Twitter has allowed Trump’s tweet of the fake Pelosi video to stand in-tact and unannotated; apparently, it did not violate Twitter’s abuse policies. The fake video has received more than 6 million views. In April, Twitter executives wrote in a blog post that “building a Twitter free of abuse, spam and other things that distract from the public conversation is our top priority.”

When I asked whether Rep. Walden would hold Twitter and Dorsey accountable for Trump’s tweet of the fake Pelosi video, an aide to the Congressman told me, “Twitter is a private company. There’s nothing we can do. Mr. Dorsey testified voluntarily, he was invited.”

Twitter is a publicly traded corporation. BlackRock is the second largest institutional shareholder of Twitter stock (NYSE: TWTR), with a $1.5 billion stake. The CEO of BlackRock, Laurence Fink, is on the record saying the firm will support CEOs who make a positive contribution to society and hold those accountable who risk losing BlackRock’s support. (A spokesperson from BlackRock previously told me that, as a matter of company policy, they do not comment on specific companies or situations.)

As part of its effort to combat election interference, in advance of 2018 midterm elections, Twitter committed to verifying accounts of bona fide candidates. Politico reported last year:

“Twitter will rely on the website Ballotpedia to identify the legitimate accounts of those who’ve qualified for the ballot.”

Verified Twitter users are denoted by a blue checkmark — public figures are ostensibly vetted by the company for their authenticity. Twitter suspended its public verification program in 2017 after backlash over its verification of white supremacist Jason Kessler, the organizer of the Unite the Right rally in Charlottesville where counterprotester Heather Heyer was killed.

Although Twitter “paused” its verification program for the general public, Bridget Coyne, senior manager for public policy at Twitter, said in a blog post, about the company’s program to verify candidates in advance of 2018 elections:

“Providing the public with authentic, trustworthy information is crucial to the democratic process, and we are committed to furthering that goal through the tools we continue to build.”

Jan McDowell is a Democratic candidate for U.S. Congress from Texas’ 24th District, running in the 2020 election. McDowell’s Twitter account @JanForCongress remains unverified, despite multiple requests from campaign volunteers asking the company to verify the account. Jan’s Ballotpedia profile is well established. She ran a close race in 2018, garnering more than 125,000 votes.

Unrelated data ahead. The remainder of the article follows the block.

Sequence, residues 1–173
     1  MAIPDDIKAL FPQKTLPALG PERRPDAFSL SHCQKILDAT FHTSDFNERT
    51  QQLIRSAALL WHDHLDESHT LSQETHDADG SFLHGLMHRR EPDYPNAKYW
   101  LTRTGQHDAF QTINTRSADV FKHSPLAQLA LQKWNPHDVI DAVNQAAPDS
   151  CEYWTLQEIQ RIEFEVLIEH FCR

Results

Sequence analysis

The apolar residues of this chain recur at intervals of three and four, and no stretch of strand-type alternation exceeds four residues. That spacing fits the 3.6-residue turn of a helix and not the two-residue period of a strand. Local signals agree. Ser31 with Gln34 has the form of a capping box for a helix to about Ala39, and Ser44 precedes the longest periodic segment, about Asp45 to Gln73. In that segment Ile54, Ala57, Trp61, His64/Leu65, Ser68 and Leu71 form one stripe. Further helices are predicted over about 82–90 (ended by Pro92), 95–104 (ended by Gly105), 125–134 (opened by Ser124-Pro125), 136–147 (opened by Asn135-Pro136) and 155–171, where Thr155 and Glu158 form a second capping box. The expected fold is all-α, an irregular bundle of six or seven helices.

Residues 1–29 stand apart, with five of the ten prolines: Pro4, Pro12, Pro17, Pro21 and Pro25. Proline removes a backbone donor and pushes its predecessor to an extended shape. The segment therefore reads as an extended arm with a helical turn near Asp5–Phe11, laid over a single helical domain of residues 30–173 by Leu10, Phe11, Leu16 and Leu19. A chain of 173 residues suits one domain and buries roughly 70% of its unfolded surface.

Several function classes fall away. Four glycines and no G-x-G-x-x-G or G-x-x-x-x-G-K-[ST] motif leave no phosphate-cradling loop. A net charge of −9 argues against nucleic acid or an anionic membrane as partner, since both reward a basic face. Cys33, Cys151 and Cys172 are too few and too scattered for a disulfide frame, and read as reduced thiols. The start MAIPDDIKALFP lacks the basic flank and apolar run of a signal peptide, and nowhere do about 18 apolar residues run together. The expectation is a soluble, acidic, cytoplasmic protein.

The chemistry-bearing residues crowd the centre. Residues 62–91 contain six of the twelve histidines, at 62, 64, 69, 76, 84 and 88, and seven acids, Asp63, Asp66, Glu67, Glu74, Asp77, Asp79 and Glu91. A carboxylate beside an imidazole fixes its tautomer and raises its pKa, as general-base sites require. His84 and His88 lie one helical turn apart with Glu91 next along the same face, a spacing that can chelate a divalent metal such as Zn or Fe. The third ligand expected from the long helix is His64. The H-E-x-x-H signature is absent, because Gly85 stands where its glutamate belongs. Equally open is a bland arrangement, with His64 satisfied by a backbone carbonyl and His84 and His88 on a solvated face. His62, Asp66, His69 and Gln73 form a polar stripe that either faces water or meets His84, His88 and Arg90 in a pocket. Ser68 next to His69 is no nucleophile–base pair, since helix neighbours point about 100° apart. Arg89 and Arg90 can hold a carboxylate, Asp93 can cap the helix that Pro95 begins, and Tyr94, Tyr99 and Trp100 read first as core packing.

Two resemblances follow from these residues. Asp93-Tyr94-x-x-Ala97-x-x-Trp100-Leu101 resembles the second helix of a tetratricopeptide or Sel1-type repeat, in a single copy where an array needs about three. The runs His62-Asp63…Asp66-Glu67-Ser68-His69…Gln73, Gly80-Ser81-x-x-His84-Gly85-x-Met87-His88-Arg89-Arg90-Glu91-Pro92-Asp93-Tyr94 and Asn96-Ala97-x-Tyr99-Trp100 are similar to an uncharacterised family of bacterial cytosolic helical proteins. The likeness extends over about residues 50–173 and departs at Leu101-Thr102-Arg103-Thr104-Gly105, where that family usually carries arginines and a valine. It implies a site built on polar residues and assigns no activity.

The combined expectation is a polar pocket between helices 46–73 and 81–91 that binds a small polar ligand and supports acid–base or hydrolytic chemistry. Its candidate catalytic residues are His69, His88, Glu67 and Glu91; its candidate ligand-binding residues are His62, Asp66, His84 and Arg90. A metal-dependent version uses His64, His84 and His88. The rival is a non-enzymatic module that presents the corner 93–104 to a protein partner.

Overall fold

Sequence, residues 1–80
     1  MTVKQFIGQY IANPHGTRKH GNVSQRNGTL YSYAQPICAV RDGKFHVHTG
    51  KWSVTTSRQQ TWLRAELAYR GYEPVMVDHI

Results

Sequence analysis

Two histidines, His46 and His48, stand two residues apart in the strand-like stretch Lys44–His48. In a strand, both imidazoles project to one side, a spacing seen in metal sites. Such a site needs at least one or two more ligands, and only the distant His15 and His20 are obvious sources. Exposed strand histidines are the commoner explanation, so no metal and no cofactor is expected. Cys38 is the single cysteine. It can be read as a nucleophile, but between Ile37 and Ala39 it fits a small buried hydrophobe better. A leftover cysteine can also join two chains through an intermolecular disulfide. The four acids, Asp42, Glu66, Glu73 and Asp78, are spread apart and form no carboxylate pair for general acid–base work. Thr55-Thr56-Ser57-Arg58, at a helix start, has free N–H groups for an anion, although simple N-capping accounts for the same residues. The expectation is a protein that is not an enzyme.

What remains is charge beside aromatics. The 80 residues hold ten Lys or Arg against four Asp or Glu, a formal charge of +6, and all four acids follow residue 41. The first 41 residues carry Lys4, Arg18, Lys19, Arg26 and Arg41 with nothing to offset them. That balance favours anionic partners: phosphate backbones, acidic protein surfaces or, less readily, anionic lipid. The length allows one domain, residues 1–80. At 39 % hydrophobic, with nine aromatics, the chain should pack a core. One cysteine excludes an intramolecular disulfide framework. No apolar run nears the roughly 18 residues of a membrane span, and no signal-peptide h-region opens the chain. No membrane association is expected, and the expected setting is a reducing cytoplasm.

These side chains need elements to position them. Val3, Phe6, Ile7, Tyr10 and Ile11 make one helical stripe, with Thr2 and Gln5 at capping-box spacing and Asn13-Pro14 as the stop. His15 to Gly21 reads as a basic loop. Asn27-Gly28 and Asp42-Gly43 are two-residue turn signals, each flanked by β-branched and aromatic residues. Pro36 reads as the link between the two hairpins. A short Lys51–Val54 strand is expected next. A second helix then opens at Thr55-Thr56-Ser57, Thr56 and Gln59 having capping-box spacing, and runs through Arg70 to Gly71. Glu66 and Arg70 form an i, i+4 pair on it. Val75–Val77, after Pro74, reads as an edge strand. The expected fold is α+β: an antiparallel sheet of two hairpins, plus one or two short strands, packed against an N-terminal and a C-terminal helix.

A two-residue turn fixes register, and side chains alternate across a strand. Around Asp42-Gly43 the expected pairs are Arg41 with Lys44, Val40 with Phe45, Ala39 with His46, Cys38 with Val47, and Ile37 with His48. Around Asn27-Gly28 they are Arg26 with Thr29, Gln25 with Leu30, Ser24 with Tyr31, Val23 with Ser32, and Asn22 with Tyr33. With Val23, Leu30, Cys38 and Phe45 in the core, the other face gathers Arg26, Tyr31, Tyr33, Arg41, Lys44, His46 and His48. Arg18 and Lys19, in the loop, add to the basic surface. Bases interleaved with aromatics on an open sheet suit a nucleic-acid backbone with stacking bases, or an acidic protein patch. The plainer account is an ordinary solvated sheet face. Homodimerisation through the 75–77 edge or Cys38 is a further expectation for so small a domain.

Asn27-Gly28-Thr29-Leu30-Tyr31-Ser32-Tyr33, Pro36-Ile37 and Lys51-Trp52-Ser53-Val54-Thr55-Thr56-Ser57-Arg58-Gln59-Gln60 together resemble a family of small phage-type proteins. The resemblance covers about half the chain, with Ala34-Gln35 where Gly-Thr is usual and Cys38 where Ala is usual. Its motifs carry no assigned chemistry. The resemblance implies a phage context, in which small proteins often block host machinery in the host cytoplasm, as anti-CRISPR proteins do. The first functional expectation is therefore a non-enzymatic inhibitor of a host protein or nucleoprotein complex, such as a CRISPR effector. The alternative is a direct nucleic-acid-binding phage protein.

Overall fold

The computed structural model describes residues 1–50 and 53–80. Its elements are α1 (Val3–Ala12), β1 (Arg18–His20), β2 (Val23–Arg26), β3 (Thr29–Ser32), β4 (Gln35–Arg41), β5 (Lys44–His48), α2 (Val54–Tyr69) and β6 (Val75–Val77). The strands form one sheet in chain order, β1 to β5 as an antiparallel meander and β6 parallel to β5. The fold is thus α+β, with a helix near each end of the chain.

As the Texas Tribune reported in May:

“When Democrat Jan McDowell ran for the 24th Congressional District last year, few outside the North Texas district were paying attention. Then something funny happened: She came surprisingly close to winning, losing to U.S. Rep. Kenny Marchant, R-Coppell, by just 3 percentage points.”

Jan McDowell is not the only candidate who has had difficulty getting verified by Twitter, despite the company’s stated intentions.

Tom Taylor, the Democratic candidate for U.S. Congress from Utah’s 4th District in 2018, tweeted a thread last year about Twitter’s failure to verify candidates and the risk of damaging consequences. Taylor’s account was eventually verified, but prior to receiving Twitter’s blue check mark of authentication, he tweeted:

Taylor’s thread continued:

What will Twitter executives, board members, and institutional shareholders do to cauterize the rise of white supremacy in America, and combat disinformation and interference in our elections?

If we hope to eradicate our country’s most dire ills, Twitter’s “health initiative” will need to provide real remedies, not just platitudes.

Twitter declined to comment but shared link to the company’s post on Election Integrity Policy.

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News // Election Interference / Jack Dorsey / Tech / Twitter / White Supremacy